Stefan Grigat

In this blog I will introduce two new cool features in SQL Server 2016 setup. The first one is the option to enable Volume Maintenance Tasks for the SQL Server Service Account. The second is the option now already included in the setup dialog to set multiple data files for the TempDB.

  • Perform Volume Maintenance Task

This is a user right within the windows server. Before SQL Server 2016 you had to enable this option after the installation. What does it do and why should you enable this?
In a nutshell: When the SQL Server extends files (AUTOGROWTH enabled) or places new files on discs during RESTORE or CREATE DATABASE tasks it „zeros out“ all the space it needs for the file. This could take much time especially when starting up the service and allocating the space for the TempDB. So when you grant this user right to the SQL Server Service Account, the SQL Server can use the Instant File Initialization feature and the file extension or new files can be place much faster on the disc.

Here is a detailed description for this user right: TechNet Microsoft

In the setup of SQL 2016 in the Service Accounts dialog you can check the checkbox to „Grant Perform Volume Maintenance Task privilege to SQL Server Database Engine Service“

Volume_Taskpng

 

For the unattended installation this option is:
; Set to „True“ to enable instant file initialization for SQL Server service. If enabled, Setup will grant Perform Volume Maintenance Task privilege to the Database Engine Service SID. This may lead to information disclosure as it could allow deleted content to be accessed by an unauthorized principal.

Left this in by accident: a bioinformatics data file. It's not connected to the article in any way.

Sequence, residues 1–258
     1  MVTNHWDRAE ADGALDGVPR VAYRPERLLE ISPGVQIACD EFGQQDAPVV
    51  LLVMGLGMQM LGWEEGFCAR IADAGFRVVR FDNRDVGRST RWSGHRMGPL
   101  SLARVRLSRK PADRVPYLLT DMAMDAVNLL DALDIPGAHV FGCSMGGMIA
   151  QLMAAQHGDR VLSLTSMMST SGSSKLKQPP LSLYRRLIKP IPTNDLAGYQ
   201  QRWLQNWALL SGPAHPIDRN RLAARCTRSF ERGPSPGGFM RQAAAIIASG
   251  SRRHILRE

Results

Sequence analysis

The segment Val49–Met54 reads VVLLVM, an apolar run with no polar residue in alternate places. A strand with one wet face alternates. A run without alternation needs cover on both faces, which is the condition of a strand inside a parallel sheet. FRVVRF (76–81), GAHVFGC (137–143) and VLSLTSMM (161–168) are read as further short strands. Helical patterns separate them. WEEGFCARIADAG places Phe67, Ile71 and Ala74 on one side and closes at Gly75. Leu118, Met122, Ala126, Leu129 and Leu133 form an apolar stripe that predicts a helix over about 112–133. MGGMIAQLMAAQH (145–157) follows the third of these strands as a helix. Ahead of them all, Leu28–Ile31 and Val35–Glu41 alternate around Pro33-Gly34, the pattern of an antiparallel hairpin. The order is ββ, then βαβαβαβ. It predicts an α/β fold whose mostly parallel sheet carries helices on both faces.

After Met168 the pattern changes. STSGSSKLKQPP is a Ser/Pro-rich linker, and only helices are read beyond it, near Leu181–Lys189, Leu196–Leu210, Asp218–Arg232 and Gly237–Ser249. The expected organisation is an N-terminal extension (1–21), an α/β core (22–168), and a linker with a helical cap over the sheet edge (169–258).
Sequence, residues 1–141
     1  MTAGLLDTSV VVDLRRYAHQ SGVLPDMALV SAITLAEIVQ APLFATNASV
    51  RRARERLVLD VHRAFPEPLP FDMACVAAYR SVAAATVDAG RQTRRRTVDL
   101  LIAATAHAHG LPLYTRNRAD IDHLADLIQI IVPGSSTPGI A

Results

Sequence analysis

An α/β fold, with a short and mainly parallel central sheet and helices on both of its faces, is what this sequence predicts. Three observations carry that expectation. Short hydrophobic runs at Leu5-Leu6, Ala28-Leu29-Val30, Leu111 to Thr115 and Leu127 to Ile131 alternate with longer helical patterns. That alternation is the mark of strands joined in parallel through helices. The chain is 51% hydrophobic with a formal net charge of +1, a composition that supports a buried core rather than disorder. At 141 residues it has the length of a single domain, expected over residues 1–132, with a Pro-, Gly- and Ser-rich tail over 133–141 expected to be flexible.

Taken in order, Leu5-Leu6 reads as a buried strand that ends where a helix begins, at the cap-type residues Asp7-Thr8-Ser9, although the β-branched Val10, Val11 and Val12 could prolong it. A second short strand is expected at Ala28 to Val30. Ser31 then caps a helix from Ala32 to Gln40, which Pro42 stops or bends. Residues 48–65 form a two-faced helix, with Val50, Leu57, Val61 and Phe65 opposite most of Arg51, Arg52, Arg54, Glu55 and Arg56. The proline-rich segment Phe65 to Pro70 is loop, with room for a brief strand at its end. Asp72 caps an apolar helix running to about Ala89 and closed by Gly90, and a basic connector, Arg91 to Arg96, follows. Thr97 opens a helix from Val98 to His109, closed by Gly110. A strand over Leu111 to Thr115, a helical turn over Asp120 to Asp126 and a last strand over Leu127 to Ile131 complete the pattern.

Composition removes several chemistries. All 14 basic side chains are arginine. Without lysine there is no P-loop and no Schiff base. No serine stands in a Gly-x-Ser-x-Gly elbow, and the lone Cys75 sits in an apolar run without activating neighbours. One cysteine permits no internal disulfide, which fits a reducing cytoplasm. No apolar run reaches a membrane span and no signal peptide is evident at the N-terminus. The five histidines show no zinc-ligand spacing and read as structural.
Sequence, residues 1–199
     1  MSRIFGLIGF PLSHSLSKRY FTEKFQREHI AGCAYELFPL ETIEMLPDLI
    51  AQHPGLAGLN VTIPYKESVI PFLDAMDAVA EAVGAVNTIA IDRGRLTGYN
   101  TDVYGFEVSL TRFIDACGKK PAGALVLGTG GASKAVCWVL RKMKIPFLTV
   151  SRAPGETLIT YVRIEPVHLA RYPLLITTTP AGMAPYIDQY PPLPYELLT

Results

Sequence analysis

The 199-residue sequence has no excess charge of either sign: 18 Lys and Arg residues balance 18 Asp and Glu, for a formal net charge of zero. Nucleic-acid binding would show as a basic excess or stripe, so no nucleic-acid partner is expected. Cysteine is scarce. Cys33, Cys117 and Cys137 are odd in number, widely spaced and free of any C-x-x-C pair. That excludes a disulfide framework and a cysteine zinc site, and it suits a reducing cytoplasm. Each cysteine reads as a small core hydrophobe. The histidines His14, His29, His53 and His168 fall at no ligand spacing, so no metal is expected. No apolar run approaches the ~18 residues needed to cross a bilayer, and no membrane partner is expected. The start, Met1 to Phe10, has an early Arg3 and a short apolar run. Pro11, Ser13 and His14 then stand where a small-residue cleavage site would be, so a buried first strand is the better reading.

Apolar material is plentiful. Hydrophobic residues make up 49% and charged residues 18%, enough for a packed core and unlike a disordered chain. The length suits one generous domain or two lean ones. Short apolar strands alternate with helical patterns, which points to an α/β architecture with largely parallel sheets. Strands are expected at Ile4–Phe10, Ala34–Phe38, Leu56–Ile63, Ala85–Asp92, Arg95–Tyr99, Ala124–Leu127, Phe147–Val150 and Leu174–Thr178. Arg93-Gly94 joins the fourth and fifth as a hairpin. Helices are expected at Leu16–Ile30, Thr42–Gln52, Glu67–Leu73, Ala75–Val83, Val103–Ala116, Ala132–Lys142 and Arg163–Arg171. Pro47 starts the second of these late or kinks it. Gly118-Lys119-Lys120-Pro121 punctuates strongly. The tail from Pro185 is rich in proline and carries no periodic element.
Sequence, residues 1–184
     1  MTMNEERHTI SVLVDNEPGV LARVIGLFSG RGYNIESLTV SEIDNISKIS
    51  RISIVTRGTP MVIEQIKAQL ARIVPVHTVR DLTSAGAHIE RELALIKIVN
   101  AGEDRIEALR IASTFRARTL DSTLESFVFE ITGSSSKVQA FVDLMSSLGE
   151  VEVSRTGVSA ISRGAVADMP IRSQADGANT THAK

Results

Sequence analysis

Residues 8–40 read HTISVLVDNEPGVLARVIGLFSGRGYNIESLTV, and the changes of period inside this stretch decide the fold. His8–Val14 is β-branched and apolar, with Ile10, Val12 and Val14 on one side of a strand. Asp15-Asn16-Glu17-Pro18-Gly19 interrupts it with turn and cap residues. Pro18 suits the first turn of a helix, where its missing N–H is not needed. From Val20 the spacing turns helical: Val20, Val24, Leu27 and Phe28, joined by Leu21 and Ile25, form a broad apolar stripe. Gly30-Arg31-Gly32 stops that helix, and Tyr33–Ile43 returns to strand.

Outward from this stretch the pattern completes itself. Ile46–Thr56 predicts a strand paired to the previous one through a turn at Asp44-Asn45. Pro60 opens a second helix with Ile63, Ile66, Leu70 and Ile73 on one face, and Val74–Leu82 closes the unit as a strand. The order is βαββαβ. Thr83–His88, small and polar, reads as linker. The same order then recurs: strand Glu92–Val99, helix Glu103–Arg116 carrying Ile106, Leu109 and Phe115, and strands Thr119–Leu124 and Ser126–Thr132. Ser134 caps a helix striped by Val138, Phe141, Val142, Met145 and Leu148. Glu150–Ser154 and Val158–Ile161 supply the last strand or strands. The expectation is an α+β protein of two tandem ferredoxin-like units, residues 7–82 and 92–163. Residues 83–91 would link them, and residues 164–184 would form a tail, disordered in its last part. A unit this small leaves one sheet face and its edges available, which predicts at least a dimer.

SQLSVCINSTANTFILEINIT=“True“

SQL Server

Path to the user right

I did a before – after screenshot to show you the change, done by the Setup:

SQl Server

Setting before SQL Server Setup


SQL Server

Setting after SQL Server setup


I suggest to check this checkbox during the setup.

  • Multiple Data files for the TempDB during Setup
SQl Server

Setup Dialog for TempDB

I think that you should have a TempDB with number of files equal to the number of available cpus/cores and up to 8 files is already a common best practice. But with SQL Server 2014 and before you had to configure this manually after the installation or have your post installation scripts. Within SQL Server 2016 setup there is a new part of the installation dialog that offers you the chance to setup all files directly during the Setup:

You can define the number of Files (Up to 8 as best practice), define initial and Autogrowth size and data directories. Also placing the TempDB logfile on another drive than the user database log files is possible. In this case (as I only have one drive in my virtual test machine) I gave him only one other path and decided to use eight files.

This could be done for the unattended installation with the following options:

; The number of Database Engine TempDB files.
SQLTEMPDBFILECOUNT=“8″
; Specifies the initial size of a Database Engine TempDB data file in MB.
SQLTEMPDBFILESIZE=“100″
; Specifies the automatic growth increment of each Database Engine TempDB data file in MB.
SQLTEMPDBFILEGROWTH=“100″
; Specifies the initial size of the Database Engine TempDB log file in MB.
SQLTEMPDBLOGFILESIZE=“100″
; Specifies the automatic growth increment of the Database Engine TempDB log file in MB.
SQLTEMPDBLOGFILEGROWTH=“100″
; Directories for Database Engine TempDB files.
SQLTEMPDBDIR=“C:\Program Files\Microsoft SQL Server\MSSQL13.TEST\MSSQL\Data“ „C:\TempDB“

SQL Server

TempDB files in the filesystem

After the installation the folder is published with 4 files placed there in round robin for the file numbers and names:

SQL Server

TempDB configuration

And you can see the created TempDB in the SQL Server Management Studio.

I think these are two new cool features that help you to use best practices already during the initial setup.